19.6.3 SPAM
SPAM: uses map and domain-specific knowledge to interpret airport scenes
SPAM has three main components:

rules: manipulate 3 kinds of primitives: region, fragments, functional areas
regions: classified as linear, compact, small blob, large blob
linear regions: may be runway, taxiway, access road
compact regions: may be terminal buildings or hangars
small-blob regions: may be parking lots or parking aprons
large-blob regions: may be tarmacadam or grassy areas




build phase: selects regions and creates fragment interpretation
local evaluation phase: processes fragment interpretations
consistency phase: checks consistency of interpretations of neighborhood
functional area phase: tries to find functional areas
global evaluation phase: find complete airport interpretation




19.6.4 MOSAIC
MOSAIC: to build and incrementally improve 3D model of urban scene
MOSAIC: uses sequence of both monocular views and stereo pairs
three main tasks executed by the system:

3D wire frame: from ground-plane knowledge, camera geometry, heuristics
structure graph: relational structure to represent current 3D scene model
topological primitives: faces, edges, vertices, objects, edge groups
geometric primitives: planes, lines, points
primitives confirmed: if they come from one sequence of input images
primitives unconfirmed: if they are only hypothesized
knowledge-based system: can be quite powerful in very limited domain
=====joke=====




19.6.5 Mulgaonkar's Hypothesis-Based Reasoning
hypothesis inconsistent: if two inference engines compute incompatible values
system works with: lines, points, arcs, planes




19.6.6 SCERPO
SCERPO: Spatial Correspondence, Evidential Reasoning, and Perceptual
Organization
SCERPO: performs 3D object recognition from single 2D images
SCERPO's models: 3D wire-frame objects
three relationships among line segments: proximity, parallelism, collinearity




19.6.7 Ikeuchi's Model-Based Bin-Picking System
Ikeuchi's model-based vision system: for bin-picking using range data
compile mode: geometric modeler used to generate views of object
attitude group: views with identical vectors
attitude group: represented by representative attitude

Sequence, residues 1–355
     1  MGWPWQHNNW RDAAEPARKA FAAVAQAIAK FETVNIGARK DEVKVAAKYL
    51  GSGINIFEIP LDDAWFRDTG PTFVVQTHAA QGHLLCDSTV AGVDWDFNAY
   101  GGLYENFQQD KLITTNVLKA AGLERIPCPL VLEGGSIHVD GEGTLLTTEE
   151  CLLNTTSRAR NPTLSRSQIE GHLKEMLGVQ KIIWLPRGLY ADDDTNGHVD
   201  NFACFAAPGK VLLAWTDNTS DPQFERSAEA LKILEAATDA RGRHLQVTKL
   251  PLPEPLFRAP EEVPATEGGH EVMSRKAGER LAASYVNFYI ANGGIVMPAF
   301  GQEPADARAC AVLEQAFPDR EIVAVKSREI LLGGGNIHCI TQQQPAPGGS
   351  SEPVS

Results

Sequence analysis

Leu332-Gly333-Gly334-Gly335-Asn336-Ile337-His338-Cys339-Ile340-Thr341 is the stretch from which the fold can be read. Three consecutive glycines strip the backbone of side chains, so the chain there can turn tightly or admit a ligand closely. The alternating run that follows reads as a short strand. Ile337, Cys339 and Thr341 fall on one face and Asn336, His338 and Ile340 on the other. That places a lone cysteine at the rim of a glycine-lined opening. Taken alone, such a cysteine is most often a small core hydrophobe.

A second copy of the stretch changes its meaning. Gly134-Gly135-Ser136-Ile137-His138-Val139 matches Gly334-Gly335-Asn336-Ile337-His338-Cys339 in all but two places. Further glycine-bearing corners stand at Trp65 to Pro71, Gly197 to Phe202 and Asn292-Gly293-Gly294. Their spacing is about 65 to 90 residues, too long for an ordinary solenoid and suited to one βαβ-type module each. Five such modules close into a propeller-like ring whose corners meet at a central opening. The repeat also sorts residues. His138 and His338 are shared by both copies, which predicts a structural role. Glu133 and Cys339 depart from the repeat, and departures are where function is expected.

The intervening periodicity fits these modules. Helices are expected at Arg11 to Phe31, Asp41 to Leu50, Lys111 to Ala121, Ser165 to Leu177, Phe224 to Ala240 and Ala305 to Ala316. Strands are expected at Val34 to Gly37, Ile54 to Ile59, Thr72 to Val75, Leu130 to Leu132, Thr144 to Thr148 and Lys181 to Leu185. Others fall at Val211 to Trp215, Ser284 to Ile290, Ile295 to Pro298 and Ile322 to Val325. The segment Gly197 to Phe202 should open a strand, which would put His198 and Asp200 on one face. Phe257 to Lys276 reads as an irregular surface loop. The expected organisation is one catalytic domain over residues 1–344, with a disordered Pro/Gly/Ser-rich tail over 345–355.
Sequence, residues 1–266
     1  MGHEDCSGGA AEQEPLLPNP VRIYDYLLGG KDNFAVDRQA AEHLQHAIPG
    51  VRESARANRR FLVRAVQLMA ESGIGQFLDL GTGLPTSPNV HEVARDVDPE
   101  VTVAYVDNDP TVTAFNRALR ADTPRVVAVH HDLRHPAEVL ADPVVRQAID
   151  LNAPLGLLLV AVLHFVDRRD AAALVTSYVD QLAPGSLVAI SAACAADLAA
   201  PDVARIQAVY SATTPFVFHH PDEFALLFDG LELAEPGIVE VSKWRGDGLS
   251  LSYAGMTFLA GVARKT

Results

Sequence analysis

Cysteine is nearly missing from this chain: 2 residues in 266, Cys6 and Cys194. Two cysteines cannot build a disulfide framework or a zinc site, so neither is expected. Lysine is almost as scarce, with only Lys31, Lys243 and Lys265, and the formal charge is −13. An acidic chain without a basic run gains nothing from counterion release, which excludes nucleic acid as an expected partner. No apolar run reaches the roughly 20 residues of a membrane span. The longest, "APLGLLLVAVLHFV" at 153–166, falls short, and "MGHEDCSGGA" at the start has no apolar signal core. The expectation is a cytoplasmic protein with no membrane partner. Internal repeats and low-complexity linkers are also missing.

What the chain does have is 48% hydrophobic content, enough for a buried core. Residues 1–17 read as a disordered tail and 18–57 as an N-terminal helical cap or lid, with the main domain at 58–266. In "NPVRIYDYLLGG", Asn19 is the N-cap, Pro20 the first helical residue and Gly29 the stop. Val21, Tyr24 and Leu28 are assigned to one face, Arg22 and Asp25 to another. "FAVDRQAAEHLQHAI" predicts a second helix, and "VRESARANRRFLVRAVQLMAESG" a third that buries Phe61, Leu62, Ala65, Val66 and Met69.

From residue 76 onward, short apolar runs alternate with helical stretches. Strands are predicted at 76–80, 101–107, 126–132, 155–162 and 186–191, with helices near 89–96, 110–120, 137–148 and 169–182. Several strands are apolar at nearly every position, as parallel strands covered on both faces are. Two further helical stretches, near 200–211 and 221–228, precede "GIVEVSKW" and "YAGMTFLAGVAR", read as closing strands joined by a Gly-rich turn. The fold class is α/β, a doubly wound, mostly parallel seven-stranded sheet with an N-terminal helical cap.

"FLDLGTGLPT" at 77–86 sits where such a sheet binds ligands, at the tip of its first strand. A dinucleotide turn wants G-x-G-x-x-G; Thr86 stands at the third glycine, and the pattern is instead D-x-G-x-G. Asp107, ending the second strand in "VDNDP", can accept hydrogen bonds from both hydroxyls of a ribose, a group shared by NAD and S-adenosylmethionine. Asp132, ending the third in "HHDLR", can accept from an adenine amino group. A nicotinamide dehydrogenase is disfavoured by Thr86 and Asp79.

work model consisting of attribute set:

interpretation tree: a decision-tree classifier
run mode: system generates 3 edge maps, 2 needle maps, and 1 depth map




19.6.8 Jain's Evidence-Based Recognition System
3D object recognition system: uses range data for input
surface patches: classified as planar, convex, concave
jump edges: have discontinuous depth
crease edges: have continuous depth and discontinuous normals
morphological information: global information concerning entire 3D shape
morphological information: includes object perimeter, number of regions
patch information: local information about each primitive
patch information: patch size, piecewise linear fit of boundary
relational information: describes relationships between pairs of patches
relational information: includes normal angle between patches, jump gap




19.6.9 ABLS
ABLS system: locates address block on mail pieces
knowledge sources: organized in dependency graph
each knowledge source in system: assigned a utility value
utility of knowledge source: based on efficiency, effectiveness, processing
evidence combination: performed via Dempster-Shafer theory
besides address block: return address, stamp, extraneous printing and graphics
ABLS: quality of segmentation strongly affects the results




19.7 Summary
knowledge methodology to integrate all levels of vision: important direction
migrant mother: more to our interpretation than geometrical properties
evoking emotions of understanding, sympathy, anguish, hope, despair
=====Nalwa, A Guided Tour of Computer Vision, Fig. 10.1=====
=====joke=====



2002-02-26